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How to use our journals to get into action this festive season

At 11.11 am on Friday 21 December 2012, the leader of the Druids, King Arthur Pendragon, made his Winter Solstice speech at Stonehenge, a little further south of where I live in Wiltshire, welcoming in a new cosmic era of peace, care and compassion, and calling for an end to suffering and greed.

The end of the world hasn’t come to pass. Personally I didn’t think it would. But, not unlike the Druids’ message, I am choosing to view this media-hyped Winter Solstice as a new opportunity, a time of new intentions, commitments and change.

And my journal is where I am devising the change I want to see in the world. However devising sounds like I’m going through a very deliberate process of planning and manipulating my thoughts and ideas about how I want life to be, then writing down a to do list or project plan of what I must achieve in 2013.

This would not be an accurate description of the process. It would be altogether too premeditated, too forced and analytical, too “left-brain”.

Rather I am allowing myself to write in response to what is happening in the world, and I’m being present to the emotions and feelings that real life events are evoking in me. What I find are ideas about how to do things differently, new creative ways to celebrate Christmas, and a quiet conviction that whatever needs to happen will present itself as the obvious next step. It’s an entirely different feeling from the concerted “I must be the change I want to see in the world” mindset. It’s much gentler, much more in the moment, and much more authentic.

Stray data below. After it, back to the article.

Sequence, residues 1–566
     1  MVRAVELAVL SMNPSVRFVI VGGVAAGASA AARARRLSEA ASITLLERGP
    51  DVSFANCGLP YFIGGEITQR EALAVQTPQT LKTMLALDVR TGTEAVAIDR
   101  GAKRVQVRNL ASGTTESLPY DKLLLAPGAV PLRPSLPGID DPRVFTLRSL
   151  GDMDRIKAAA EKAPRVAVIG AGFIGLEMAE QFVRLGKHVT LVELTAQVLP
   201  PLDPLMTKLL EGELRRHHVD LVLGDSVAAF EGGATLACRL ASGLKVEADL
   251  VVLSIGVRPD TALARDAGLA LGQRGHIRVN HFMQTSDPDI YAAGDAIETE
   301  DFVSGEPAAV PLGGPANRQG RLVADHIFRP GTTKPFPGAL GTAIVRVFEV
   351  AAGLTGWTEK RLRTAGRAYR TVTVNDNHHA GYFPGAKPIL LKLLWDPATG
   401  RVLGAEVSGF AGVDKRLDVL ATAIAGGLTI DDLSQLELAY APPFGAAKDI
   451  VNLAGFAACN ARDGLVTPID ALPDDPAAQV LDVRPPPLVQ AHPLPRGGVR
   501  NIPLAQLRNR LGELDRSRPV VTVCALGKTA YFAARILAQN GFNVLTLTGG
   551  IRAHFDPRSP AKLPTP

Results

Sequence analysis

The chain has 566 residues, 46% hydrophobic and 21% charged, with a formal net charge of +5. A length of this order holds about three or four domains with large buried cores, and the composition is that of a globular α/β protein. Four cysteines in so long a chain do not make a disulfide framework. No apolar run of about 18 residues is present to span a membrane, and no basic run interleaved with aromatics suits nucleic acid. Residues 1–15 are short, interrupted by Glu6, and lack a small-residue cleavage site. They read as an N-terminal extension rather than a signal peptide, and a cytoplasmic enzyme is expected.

One of the ideas that has most inspired me this festive season is the notion of “living well in your place.” So instead of sending Christmas cards this year I have chosen to hand out small parcels of Quality Street choccies to all my neighbours, complete with a folded note giving our phone number, and a thank you to one and all for being my neighbour. Although we have lived in our 25-home street for twelve years, there are some families that I have never met, and I suddenly wanted desperately to change that.

It was whilst writing about my current perceptions in my journal that this idea came to me. It was a moment of “clunk” when inspiration hits and you feel compelled into action. And it was such a simple idea that I can’t believe it had never before occured to me. My daughter and I walked round in the rain and knocked on everyone’s door, handed out the chocolates and our best wishes for Christmas, and basked in the smiles we received. It was truly heart-warming, and confirmed the spirit of Christmas for me and my little girl.

That’s how our journals can help us get into real, genuine and authentic action. And that’s how we can change the world.

With every good wish for the festive season.